Saturday, May 26, 2018
Business

New Citizens president wants to shrink state-run property insurer

TALLAHASSEE — Barry Gilway, the new president of Citizens Property Insurance Corp., unveiled an ambitious set of goals Wednesday, stating he'd like to drastically shrink the state-run insurer without implementing "drastic changes" that would harm Florida's economy, and also improve the way the company communicates with Floridians.

Accomplishing those goals, he acknowledged, would be among the most difficult things he's done in his 42-year career in insurance.

"Our objective is to remove policies from Citizens and then provide them with quality alternatives to Citizens," said Gilway, a 66-year-old insurance executive who joined Citizens last month as president.

Three weeks into his job, Gilway sat down with reporters to provide the first glimpse into his strategy for achieving his goals.

By easing in rate increases, working more closely with insurance agents and speaking in more clear terms to policyholders, Citizens could begin the process of responsibly releasing more policies back into the private market, Gilway said.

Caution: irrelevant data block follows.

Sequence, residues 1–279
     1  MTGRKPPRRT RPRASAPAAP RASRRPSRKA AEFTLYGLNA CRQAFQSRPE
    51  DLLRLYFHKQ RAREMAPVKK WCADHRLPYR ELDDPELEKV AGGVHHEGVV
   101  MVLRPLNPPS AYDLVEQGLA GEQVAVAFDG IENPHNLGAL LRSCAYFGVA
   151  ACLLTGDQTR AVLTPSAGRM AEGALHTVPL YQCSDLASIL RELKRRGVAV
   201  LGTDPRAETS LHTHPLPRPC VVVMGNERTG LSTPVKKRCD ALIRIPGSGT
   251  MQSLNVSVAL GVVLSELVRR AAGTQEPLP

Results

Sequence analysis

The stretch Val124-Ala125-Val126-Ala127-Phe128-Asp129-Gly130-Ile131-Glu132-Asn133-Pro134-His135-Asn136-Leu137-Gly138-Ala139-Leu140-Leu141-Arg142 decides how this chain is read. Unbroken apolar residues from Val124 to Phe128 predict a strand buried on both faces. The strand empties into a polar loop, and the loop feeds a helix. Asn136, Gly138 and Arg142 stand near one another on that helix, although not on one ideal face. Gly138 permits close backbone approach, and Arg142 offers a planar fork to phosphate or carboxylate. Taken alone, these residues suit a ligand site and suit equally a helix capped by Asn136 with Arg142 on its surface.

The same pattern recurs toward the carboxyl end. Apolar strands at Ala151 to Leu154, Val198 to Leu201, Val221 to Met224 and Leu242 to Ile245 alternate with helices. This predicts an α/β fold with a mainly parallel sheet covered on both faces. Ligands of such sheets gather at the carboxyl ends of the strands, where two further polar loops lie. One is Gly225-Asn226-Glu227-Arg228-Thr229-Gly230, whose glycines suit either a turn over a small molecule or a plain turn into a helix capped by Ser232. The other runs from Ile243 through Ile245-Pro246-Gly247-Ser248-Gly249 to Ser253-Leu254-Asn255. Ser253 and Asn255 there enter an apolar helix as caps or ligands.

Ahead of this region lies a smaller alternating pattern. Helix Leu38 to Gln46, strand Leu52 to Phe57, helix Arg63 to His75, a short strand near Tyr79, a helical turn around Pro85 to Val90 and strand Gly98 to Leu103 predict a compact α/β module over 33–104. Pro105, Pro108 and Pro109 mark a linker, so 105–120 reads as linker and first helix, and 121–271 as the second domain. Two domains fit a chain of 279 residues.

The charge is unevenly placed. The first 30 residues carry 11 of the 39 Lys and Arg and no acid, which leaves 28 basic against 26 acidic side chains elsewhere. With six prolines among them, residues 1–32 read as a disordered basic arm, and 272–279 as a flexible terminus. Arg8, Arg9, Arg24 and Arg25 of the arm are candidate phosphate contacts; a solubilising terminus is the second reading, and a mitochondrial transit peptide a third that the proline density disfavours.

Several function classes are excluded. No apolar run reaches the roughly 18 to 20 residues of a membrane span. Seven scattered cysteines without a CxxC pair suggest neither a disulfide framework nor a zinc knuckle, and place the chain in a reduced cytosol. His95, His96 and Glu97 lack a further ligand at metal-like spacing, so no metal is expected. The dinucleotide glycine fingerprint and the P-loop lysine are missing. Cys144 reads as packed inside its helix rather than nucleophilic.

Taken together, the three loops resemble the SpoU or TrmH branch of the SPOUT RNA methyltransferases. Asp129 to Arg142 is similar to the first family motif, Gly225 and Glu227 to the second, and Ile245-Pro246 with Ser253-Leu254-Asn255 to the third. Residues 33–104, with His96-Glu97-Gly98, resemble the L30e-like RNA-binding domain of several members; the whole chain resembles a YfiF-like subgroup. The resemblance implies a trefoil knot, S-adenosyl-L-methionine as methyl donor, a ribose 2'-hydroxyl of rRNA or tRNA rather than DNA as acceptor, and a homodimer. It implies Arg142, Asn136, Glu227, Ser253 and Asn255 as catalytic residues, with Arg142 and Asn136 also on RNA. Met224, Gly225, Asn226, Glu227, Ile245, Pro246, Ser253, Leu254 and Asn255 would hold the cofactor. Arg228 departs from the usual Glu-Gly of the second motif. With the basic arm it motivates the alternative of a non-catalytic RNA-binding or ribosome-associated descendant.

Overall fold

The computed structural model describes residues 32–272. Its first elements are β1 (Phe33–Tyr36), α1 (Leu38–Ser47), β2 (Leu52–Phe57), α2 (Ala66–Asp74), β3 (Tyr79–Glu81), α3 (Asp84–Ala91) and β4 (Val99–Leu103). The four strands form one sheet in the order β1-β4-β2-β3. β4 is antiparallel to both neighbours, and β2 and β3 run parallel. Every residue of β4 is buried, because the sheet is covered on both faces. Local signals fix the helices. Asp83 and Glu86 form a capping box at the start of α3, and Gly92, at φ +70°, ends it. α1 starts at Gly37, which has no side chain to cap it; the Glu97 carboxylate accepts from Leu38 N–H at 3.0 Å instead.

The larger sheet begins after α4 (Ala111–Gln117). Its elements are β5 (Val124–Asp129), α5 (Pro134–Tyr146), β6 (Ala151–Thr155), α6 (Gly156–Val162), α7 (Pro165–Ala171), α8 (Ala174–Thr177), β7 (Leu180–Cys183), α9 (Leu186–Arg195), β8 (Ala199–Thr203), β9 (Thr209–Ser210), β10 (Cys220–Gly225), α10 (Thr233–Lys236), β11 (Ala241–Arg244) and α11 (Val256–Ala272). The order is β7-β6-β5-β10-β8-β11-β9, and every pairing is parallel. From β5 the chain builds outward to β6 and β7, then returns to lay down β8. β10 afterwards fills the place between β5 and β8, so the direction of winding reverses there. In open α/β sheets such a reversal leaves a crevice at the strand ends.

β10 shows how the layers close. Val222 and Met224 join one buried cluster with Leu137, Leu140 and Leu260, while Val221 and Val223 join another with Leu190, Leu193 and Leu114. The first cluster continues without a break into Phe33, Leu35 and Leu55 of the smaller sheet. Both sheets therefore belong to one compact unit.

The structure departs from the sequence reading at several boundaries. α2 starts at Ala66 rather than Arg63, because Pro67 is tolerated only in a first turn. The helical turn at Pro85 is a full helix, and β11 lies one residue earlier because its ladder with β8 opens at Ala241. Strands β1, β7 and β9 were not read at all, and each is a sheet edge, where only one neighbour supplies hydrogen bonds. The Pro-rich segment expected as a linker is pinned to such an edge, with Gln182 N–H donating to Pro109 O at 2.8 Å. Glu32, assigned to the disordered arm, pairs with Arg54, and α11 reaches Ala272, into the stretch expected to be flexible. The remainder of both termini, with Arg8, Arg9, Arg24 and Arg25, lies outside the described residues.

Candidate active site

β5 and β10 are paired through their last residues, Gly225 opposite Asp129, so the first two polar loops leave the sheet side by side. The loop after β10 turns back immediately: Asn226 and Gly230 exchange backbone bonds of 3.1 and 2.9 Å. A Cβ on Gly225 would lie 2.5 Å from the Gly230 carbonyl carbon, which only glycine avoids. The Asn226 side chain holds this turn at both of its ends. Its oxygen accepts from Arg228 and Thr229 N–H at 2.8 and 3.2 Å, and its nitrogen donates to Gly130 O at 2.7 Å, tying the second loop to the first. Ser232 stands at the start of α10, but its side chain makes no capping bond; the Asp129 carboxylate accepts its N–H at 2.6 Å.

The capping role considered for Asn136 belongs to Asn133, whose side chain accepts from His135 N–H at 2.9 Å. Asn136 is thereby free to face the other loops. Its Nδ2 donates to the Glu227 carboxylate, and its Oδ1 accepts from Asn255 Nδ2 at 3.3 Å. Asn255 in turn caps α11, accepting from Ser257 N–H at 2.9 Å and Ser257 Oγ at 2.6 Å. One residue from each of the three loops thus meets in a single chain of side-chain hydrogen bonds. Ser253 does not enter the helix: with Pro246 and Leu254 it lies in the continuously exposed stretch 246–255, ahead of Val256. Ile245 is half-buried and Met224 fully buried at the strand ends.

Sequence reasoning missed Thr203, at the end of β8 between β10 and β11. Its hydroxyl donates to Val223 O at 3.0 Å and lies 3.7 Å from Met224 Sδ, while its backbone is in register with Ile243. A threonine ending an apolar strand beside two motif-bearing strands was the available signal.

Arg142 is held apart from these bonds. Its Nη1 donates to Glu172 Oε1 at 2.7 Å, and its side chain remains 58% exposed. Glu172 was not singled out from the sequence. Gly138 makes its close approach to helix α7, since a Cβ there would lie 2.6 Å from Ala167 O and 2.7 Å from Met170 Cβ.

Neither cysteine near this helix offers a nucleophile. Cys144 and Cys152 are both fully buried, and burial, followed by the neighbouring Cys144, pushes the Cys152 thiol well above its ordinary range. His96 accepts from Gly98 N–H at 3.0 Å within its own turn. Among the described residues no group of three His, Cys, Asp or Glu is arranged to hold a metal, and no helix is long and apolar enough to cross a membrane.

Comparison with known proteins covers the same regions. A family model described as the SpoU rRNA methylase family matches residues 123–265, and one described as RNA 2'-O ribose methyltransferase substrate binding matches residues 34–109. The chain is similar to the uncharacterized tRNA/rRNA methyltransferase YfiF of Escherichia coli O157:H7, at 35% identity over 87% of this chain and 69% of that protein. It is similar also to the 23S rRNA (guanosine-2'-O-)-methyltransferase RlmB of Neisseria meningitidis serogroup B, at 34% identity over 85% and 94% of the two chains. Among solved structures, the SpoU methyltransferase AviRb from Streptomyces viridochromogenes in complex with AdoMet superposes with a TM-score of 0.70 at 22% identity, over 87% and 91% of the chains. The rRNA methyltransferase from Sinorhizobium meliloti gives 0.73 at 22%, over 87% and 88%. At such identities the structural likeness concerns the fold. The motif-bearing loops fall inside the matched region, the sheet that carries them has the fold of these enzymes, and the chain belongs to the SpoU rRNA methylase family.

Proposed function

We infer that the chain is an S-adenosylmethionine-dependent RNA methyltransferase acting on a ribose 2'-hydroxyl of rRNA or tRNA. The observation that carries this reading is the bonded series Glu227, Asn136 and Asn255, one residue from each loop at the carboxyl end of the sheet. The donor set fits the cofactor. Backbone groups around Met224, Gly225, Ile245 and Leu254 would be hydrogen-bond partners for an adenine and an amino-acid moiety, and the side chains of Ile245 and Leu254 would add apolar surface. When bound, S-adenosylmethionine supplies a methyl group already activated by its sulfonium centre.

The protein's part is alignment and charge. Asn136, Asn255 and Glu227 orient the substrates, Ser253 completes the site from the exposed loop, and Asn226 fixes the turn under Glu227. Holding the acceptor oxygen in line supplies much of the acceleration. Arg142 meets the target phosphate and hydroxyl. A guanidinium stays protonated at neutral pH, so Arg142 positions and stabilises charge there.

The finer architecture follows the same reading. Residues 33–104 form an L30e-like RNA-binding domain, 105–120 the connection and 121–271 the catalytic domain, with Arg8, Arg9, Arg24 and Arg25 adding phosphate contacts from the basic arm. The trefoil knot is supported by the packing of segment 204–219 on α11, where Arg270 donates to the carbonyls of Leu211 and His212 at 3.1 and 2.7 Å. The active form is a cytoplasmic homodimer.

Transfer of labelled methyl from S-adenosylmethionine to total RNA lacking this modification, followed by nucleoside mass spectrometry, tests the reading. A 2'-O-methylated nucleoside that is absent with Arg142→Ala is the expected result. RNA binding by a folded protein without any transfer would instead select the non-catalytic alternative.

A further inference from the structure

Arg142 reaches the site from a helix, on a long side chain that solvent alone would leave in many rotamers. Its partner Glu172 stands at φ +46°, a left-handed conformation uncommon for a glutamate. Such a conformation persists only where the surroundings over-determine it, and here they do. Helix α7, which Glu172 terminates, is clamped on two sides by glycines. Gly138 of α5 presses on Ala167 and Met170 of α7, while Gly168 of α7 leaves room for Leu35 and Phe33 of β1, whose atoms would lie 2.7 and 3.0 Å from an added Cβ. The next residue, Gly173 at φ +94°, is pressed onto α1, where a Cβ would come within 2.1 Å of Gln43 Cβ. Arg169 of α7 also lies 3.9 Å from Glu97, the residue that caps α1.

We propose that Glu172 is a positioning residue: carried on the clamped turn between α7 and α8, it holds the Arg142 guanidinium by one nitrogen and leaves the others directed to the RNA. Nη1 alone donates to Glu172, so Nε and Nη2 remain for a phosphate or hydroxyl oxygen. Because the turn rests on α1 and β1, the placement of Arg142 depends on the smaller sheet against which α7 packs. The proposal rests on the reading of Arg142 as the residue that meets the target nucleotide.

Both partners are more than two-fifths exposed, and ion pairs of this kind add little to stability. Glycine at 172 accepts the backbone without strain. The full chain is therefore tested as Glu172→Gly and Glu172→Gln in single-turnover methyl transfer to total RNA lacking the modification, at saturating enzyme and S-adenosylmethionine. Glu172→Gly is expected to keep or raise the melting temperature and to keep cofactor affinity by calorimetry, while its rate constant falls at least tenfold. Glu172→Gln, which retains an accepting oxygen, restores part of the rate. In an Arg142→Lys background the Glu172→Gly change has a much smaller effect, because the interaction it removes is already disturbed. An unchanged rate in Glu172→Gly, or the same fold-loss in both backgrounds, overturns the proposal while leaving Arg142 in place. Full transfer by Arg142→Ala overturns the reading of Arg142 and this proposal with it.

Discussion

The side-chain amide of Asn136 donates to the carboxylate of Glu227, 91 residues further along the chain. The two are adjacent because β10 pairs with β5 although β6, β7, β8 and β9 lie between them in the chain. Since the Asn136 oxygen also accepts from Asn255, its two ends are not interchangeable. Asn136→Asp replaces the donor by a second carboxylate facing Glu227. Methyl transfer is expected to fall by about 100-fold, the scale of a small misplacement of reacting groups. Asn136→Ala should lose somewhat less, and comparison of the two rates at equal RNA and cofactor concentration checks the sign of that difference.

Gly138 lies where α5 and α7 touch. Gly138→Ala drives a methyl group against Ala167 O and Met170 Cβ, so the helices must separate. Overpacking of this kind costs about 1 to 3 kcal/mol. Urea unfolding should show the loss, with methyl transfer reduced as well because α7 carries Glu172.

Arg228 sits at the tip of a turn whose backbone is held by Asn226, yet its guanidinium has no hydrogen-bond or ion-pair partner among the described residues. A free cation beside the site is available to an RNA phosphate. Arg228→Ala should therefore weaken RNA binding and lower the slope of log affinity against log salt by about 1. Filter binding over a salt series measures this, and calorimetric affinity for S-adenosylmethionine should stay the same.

For homeowners in places like South Florida and Tampa, Gilway's proposals likely mean continued rate increases for their insurance policies.

"My intent would be to try to move us a little closer to rate adequacy over the next three years in the tricounty area (in South Florida), and Hillsborough and the sinkhole-related counties," he said, adding, "I believe that if we can get a little closer to rate adequacy, then we can attract private (insurers) back into the state."

Citizens, created by the Legislature 10 years ago to be the "insurer of last resort," has mushroomed to become the largest insurer in Florida, with 1.4 million policies. Gilway and other state leaders say Citizens has taken on far too much risk and poses an economic threat to the entire state if a large hurricane hits.

In response, Citizens' board has enacted a slew of policy changes in the past year that have resulted in reduced coverage and higher premiums for hundreds of thousands of Floridians.

Describing Citizens as "an organization under fire," and one that is "almost in a crisis environment," Gilway said it's imperative that the organization do a better job of getting its message across.

"We're doing so many things at Citizens that it's time to sit back and really explain to Citizens' customers what we're doing, why we're doing it and what are the expected results," he said.

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